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22 May 1859, Edinburgh M.D., Kt, KStJ, D.L., LL.D., Sportsman, Writer, Poet, Politician, Justicer, Spiritualist Crowborough, 7 July 1930

The Yellow Phiz!

From The Arthur Conan Doyle Encyclopedia

The Yellow Phiz! is a Sherlock Holmes parody of the series The Adventures of Herlock Sholmes, written by Charles Hamilton (under pen name Peter Todd), published on 18 march 1916 in The Greyfriars Herald, starring Herlock Sholmes as the detective and Dr. Jotson as his sidekick.

This story is based on Arthur Conan Doyle's short story : The Adventure of the Yellow Face (1893).


The Yellow Phiz!

The Greyfriars Herald (4 march 1916, p. 3)
The Greyfriars Herald (5 march 1916, p. 4)
The Greyfriars Herald (6 march 1916, p. 5)

Another Grand Story dealing with the Amazing Adventures of Herlock Sholmes, Detective.

Chapter 1

Herlock Sholmes was examining a series of pawntickets, of which he had a large and interesting collection, when a visitor was shown into our sitting-room at Shaker Street.

He was a young man with a somewhat pale and harassed face. It was evidently some deep-seated trouble which had brought him to consult my amazing friend.

"Mr. Sholmes!" he began eagerly.

"One moment!" said Sholmes. He finished his examination of the tickets. "Jotson, three of these are nearly up. Perhaps you will be good enough to see our friend Mr. Solomons in the morning. Now, sir, I am quite at your service!"

The young man plunged eagerly into his story.

"My name is Green," he said. "I live in the salubrious suburb of Peckham. I am sorely troubled, Mr. Sholmes, by a mystery that weighs upon my spirits and disturbs my domestic peace. I have recently——"

"Married," said Herlock Sholmes quietly.

Mr. Green started.

"How did you know?" he gasped.

Sholmes smiled.

"To a trained eye it is obvious," he replied. "A button is missing from your waistcoat, and your coat-collar requires brushing. It is quite evident that you have no longer the advantage of possessing a careful landlady."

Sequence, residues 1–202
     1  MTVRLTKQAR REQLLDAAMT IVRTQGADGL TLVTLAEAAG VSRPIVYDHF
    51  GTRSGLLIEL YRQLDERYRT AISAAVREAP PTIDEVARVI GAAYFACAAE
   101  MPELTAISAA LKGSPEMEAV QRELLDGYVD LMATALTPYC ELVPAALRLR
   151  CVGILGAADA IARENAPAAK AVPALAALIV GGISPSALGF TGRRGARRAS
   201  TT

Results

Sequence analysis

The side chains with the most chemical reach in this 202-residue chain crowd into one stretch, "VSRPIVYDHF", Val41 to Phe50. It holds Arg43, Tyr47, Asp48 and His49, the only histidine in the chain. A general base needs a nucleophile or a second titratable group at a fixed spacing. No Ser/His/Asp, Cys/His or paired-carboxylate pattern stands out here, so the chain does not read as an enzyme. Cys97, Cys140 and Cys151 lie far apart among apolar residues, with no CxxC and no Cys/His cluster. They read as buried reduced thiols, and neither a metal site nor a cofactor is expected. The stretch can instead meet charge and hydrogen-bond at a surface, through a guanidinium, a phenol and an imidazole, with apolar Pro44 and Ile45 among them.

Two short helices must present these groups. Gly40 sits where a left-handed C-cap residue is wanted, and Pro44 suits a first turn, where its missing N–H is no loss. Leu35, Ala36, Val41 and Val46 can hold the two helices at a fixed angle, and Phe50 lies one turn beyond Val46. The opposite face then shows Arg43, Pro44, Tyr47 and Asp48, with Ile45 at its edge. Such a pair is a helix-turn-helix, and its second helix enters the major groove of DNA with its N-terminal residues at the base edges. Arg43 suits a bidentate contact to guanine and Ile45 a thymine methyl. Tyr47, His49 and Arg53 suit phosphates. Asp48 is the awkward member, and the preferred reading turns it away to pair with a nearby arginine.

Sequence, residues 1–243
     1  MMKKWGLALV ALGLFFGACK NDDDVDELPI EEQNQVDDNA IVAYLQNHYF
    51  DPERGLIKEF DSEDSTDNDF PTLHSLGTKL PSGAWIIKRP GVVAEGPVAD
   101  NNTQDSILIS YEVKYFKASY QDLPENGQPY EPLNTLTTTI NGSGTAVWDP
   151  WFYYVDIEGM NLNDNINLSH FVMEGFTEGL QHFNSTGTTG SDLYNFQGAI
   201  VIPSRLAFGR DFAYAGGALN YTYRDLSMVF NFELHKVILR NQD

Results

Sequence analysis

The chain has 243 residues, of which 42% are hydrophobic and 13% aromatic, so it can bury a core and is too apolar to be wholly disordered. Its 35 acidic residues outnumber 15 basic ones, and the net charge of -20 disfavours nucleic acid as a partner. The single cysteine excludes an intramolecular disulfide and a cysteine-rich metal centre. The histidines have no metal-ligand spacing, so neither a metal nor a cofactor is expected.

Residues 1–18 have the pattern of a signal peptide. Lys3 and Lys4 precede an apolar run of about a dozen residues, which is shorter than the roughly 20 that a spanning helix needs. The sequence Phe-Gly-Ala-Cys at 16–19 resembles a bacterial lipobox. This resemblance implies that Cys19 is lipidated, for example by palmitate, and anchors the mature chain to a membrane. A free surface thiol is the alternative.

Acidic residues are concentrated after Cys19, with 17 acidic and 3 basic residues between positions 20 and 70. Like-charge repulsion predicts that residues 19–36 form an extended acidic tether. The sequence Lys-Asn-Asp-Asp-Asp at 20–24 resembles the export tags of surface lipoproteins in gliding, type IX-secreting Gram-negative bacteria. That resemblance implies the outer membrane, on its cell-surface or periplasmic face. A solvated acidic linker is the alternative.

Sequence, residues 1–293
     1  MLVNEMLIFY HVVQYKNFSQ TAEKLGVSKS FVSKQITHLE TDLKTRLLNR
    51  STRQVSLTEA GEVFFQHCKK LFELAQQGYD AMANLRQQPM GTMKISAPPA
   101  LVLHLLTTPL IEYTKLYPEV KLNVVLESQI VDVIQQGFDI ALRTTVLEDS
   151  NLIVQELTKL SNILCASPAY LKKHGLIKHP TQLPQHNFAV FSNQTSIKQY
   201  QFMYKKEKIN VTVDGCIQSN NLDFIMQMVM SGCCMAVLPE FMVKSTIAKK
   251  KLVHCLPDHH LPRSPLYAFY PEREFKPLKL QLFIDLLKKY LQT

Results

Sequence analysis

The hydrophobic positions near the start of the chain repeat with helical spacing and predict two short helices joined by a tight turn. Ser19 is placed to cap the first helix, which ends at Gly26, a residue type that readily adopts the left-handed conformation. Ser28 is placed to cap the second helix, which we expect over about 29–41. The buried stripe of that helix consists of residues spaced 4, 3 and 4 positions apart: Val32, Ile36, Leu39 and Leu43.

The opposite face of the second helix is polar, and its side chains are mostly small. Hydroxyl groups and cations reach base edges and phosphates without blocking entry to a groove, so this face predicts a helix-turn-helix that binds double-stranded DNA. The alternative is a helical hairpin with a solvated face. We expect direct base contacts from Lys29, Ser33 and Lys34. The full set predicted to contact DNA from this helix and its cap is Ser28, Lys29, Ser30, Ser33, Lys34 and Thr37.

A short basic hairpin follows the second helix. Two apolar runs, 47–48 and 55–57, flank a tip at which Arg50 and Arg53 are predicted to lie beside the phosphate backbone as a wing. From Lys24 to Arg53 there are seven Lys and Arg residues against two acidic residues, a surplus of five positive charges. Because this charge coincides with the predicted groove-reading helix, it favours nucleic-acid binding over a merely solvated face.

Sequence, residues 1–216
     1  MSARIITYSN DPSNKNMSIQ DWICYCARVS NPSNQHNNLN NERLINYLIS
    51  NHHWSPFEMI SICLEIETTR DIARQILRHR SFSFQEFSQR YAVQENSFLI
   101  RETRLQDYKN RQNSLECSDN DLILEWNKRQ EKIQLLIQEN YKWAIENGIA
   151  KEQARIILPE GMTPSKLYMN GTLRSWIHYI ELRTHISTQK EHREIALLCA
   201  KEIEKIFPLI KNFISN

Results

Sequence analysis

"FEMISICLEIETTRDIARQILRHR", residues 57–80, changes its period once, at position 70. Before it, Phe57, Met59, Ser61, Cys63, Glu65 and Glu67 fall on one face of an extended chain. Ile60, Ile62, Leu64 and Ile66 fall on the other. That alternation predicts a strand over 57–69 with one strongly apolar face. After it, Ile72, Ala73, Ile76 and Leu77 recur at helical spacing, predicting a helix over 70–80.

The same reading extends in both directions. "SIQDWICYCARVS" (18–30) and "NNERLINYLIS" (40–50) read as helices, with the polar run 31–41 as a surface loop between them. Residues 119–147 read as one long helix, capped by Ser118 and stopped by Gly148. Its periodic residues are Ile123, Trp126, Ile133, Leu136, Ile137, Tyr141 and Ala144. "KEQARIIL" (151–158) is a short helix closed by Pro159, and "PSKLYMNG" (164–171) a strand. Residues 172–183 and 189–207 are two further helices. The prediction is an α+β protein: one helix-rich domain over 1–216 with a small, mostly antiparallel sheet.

"It is true, Mr. Sholmes. I have married — and when I was united with my dear Sempronia Whilks, I deemed myself the happiest man living! She had every charm that the most sensitive lover could desire or dream of — a comfortable balance at the bank, a large house standing in its own grounds, two motor-cars, and a relation in the peerage. She was a widow, Mr. Sholmes, the late Alderman Whilks having died suddenly after a dinner at the Mansion House. For three months, sir, I was deliriously happy. But now" — he made a tragic gesture—"now, Mr. Sholmes, my happiness is dashed — perhaps for ever."

"The bank has failed?" I asked sympathetically.

"No, it is not that."

"The motor-cars have broken down?"

"No, no!"

"The mortgagees have foreclosed on the house?"

"No, no! In all those respects, Sempronia is as charming as ever. But a hidden mystery preys upon my peace of mind."

"Pray give us some details, Mr. Green!" said Sholmes. "You may speak quite freely before my friend, Dr. Jotson."

"From the first week at Whilks Hall, Mr. Sholmes, I became aware that Sempronia was concealing something from me. One wing of that imposing mansion was never opened to me. Sempronia kept the key, and sometimes she would disappear into those deserted rooms alone, and remain for hours. After a time I grew curious on the subject. I asked for an explanation. To my surprise, Sempronia burst into tears, and begged me to trust her. Mr. Sholmes, I would have trusted her with my fortune, if I had possessed one; but I was uneasy and alarmed. That closed wing of the house became an obsession in my mind. I could not find it in my heart to force an entrance there against Sempronia's wish, but I prowled round the place occasionally, looking at the windows. On several occasions I heard cries proceeding from the rooms, yet it is supposed to be untenanted."

"Cries! Of what nature?" asked Sholmes, interested.

"It was somewhat like the crying of infants, Mr. Sholmes. But when I asked Sempronia for an explanation, she trembled and was silent. Mr. Sholmes, I know well that Sempronia loves me. Only this morning she stroked my hair and called me her dusky little Charley. Yet she keeps this weird secret from me. She tells me that if I knew it I should love her no longer. Mr. Sholmes, I can bear no more. You must help me to penetrate this mystery, for Sempronia's sake and my own."

"I am quite at your service, Mr, Green," said Herlock Sholmes, rising. "We will proceed at once to Whilks Hall. Come, Jotson, unless you have another engagement."

"My dear Sholmes, I had intended to attend the funeral of one of my patients, but I will come with you with pleasure!"

"You have no more details to give me, Mr. Green?"